4 edition of Euripides and His Influence. found in the catalog.
Euripides and His Influence.
Frank L. Lucas
by Cooper Square Pub
Written in English
|The Physical Object|
|Number of Pages||188|
A Companion to Euripides is an up-to-date, centralized assessment of Euripides and his work, drawing from the most recently published texts, commentaries, and scholarship, and offering detailed discussions and provocative interpretations of his extant plays and fragments. This was my first attempt at reading old Greek playwrights and I thoroughly enjoyed it. This book encompassed three of his best tragedies. The saying that "There is nothing new under the sun" certainly applies to the first play of Euripides in this Easton Press edition - /5(2).
The great "Sophist," Protagoras, had read his famous book, On the Gods, in Euripides' own house. But he was now dead, drowned at sea, and the poet's master, Anaxagoras, had died long before. "Socrates piles the faggots for Euripides' fire," his influence on his . Like his contemporary, Socrates, he was considered a corrupting influence. No wonder, then, that Euripides had to carry out his revolution "under cover." Pucci lays out the various ways the playwright skillfully inserted his philosophical principles into the text through innovative strategies of plot development, language and composition, and.
Euripides And His Influence by Frank Laurence Lucas, , available at Book Depository with free delivery worldwide. About this Book Catalog Record Details. Euripides and his influence, by F. L. Lucas. Introduction by Lucas, F. L. (Frank Laurence),
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Hardcover. Condition: Good. Frank Lucas' scholarly examination of the reputation and influence of Euripides from his own time up until the present day. With frontispiece. Top edge gilt. Some rubbing and bumping to extremities. Contents clean and tight. Good. Seller Inventory # More information about this seller | Contact this seller Euripides and His Influence 3 Ii.
the Influence of Euripides on Antiquity 39 III- Middle Ages And Renaissance Additional Physical Format: Online version: Lucas, F.L. (Frank Laurence), Euripides and his influence. New York, Cooper Square Publishers, Print book: EnglishView all editions and formats: Rating: (not yet rated) 0 with reviews - Be the first.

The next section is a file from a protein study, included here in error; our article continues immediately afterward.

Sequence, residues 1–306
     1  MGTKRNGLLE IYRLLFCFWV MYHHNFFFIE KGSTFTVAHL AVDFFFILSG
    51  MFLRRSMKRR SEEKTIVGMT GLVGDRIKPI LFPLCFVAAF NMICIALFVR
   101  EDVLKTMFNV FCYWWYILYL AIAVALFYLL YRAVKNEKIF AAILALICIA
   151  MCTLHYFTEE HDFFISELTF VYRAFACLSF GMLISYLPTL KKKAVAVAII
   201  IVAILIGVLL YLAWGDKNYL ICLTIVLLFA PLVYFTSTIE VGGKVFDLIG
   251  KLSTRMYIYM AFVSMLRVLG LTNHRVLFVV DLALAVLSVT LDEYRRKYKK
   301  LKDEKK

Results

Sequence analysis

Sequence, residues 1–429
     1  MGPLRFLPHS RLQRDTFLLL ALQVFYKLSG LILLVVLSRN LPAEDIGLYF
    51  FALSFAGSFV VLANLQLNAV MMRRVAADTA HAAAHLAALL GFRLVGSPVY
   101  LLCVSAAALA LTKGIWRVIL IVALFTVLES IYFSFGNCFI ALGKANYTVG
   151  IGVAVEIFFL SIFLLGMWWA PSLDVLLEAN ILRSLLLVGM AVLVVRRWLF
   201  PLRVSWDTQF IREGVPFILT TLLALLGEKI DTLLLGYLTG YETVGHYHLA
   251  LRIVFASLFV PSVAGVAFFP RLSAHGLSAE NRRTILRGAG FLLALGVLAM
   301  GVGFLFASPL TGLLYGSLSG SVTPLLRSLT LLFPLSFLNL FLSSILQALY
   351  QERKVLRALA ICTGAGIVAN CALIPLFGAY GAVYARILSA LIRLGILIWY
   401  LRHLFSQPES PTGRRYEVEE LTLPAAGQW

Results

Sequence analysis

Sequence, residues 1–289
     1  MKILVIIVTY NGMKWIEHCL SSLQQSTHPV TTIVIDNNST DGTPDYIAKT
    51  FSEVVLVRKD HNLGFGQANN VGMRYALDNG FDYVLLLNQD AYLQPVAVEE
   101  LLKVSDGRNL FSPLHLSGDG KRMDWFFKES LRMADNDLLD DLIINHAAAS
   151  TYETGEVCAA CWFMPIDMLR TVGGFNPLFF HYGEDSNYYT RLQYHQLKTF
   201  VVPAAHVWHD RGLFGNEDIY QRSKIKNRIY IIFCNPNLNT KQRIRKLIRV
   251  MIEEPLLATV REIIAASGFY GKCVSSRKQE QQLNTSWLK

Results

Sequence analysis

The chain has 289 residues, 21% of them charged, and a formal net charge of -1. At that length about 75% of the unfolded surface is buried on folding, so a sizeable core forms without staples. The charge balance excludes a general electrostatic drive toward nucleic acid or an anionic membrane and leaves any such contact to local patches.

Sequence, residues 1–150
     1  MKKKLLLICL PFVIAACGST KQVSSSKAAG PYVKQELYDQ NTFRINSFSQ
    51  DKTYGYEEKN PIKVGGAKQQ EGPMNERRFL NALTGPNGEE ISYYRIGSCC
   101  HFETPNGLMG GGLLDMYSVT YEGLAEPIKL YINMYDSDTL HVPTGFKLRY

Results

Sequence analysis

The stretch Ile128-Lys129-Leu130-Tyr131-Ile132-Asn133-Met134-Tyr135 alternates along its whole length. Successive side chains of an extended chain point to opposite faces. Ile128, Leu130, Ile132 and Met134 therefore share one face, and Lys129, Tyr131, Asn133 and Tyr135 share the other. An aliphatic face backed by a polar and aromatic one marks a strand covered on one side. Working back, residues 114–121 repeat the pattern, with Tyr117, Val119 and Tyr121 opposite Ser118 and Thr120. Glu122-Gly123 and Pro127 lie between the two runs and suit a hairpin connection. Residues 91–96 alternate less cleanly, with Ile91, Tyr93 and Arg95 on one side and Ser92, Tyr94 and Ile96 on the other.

Subjects: Euripides -- Influence. Euripides. Influence (Literary, artistic, etc.). His contemporaries associated him with Socrates as a leader of a decadent intellectualism, both of them being frequently lampooned by comic poets such as s Socrates was eventually put on trial and executed as a corrupting influence, Euripides chose a voluntary exile in old age, dying in Macedonia.
Recent scholarship Euripides and His Influence. book doubt on ancient biographies of : c. BC, Salamis. Euripides, (born c. bc, Athens [Greece]—diedMacedonia), last of classical Athens’s three great tragic dramatists, following Aeschylus and Sophocles.
Life and career. It is possible to reconstruct only the sketchiest biography of Euripides. His mother’s name was Cleito; his father’s name was Mnesarchus or Mnesarchides.
Synopsis. Euripides was born in Athens, Greece, around B.C. He became one of the best-known and most influential dramatists in classical Greek culture; of his 90 plays, 19 have survived.
Some aspects of Euripides' tragedies seem more at home in comedy than in tragedy, and, indeed, he is considered to have been a significant influence on the creation of Greek New Comedy.
This comic development comes after the lifetime of Euripides and his contemporary, the most familiar writer of Old Comedy, Aristophanes. According to legend, Euripides was born in Salamis BCE, at the location and on the day of the Persian War’s greatest naval battle (although other sources estimate that he was born as early as or BCE).His family was probably a wealthy and influential one, and as a youth he served as a cup-bearer for Apollo’s dancers, although he later grew to question the religion he grew up.
Historians posit that Euripides, the youngest of the three great tragedians, was born in Salamis between and B.C.E.